What to Do Before Filing For Divorce to Protect Your Financial Interests
Posted on: 20 June 2017Share
Divorce can get ugly, especially when it comes to money. While it's true that there are penalties for hiding assets in divorce proceedings, sometimes that doesn't stop a spouse who doesn't agree with getting a divorce from being spiteful. If you are contemplating getting a divorce from your spouse and you already know that doing so would start the mother of all legal battles, there are several important things to do before filing for divorce to protect the marital assets.
Go to every bank you have and get printouts of each account. Get every retirement account and investment fund documented as well. While your online portals may give you this ability, you want to have the printouts done by the bank instead. That way, there won't be any risk of your spouse saying that you falsified the documents.
If possible, have them printout the entire history of each account as far back as they can up until your wedding date. Doing this will not only show the exact amount of money you have in each account right before you file for divorce, but it might also shed light on whether or not your spouse has already been secretly removing money from the accounts, which could mean they've already been hiding some of the marital assets.
Pull credit reports for yourself and for your spouse. Look through everything listed in each credit report to see who the creditors are and if there are any discrepancies in what you know about you and your spouse's creditors. It's important to clear up all discrepancies before filing for divorce so they do not affect the proceedings. For example, if a credit card company says you owe a higher amount than you actually do, this could result in a miscalculation of debt accumulated during the marriage.
Also, your personal credit report is good to have for after the divorce is finalized. It will give you a starting point should you need to increase your credit score afterwards. You will also be able to compare the pre-divorce credit report to a post-divorce credit report to determine whether or not creditors have been satisfied as per the divorce decree.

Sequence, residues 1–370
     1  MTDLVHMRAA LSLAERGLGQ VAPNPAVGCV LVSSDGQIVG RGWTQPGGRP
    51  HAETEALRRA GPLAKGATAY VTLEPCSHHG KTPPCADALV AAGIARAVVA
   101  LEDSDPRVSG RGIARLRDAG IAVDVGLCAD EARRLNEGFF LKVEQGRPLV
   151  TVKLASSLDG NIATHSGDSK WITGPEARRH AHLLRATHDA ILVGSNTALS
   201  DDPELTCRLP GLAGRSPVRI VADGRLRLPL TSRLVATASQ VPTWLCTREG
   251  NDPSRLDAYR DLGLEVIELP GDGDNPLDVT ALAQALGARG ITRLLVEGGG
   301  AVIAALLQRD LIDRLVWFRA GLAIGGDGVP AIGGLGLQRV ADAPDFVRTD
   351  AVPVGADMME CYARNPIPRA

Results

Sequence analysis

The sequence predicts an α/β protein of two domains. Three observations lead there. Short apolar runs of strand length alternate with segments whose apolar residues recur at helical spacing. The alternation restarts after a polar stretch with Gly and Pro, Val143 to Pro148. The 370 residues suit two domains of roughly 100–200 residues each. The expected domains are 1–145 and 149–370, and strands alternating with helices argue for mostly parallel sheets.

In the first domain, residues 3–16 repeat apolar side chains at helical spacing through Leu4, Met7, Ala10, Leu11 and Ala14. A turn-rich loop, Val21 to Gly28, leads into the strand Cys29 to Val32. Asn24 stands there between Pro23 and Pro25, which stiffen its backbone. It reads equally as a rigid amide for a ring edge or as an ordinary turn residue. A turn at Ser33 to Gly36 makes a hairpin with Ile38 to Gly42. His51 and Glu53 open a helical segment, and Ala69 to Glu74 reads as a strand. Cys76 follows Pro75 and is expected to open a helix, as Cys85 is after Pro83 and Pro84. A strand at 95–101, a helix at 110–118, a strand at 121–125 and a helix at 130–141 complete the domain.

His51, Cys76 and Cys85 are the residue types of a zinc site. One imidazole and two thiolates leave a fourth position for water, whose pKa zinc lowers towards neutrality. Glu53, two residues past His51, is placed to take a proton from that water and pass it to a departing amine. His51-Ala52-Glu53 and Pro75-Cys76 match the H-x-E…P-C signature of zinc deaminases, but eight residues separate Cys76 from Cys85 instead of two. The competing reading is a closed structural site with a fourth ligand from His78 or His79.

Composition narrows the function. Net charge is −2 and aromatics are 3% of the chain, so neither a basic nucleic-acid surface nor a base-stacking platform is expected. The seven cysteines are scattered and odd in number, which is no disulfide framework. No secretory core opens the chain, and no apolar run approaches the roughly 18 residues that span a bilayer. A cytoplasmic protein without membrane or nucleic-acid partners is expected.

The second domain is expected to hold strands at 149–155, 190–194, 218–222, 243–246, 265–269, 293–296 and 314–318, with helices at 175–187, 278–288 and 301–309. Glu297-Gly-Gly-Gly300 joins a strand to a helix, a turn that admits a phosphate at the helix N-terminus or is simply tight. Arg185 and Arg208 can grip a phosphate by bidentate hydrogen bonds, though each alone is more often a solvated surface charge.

If you have any real estate that was purchased during the marriage, you'll want documentation of them as well. Go to your courthouse and do a search for both you and your spouse's names in the land records office. Print out each document you find and have the court official notarize the documents as official.
Hire a real estate appraiser to appraise the value of each real estate property that was purchased during the marriage. Of course, if you don't want your spouse to know what you are doing, particularly if they have anger management issues, you will want to schedule these appraisals when your spouse is not around or come up with a verifiable reason why you want appraisals done on the property.
If any valuables were purchased during the marriage, have them appraised, such as jewelry, antiques, collectible items, vehicles, tools, and equipment. While these types of items can and likely be split equally in a divorce, the only way for a judge to be able to do that is for him or her to know the value of the items.
If you are having a difficult time finding appraisers for certain items, contact your homeowner's insurance company. They often assist homeowners with finding appraisers for insurance coverage purposes. Alternatively, contact the American Society of Appraisers or visit their website for a list of appraisers in your area.
For more information on divorce, contact a firm such as Gordon Liebmann Attorneys at Law.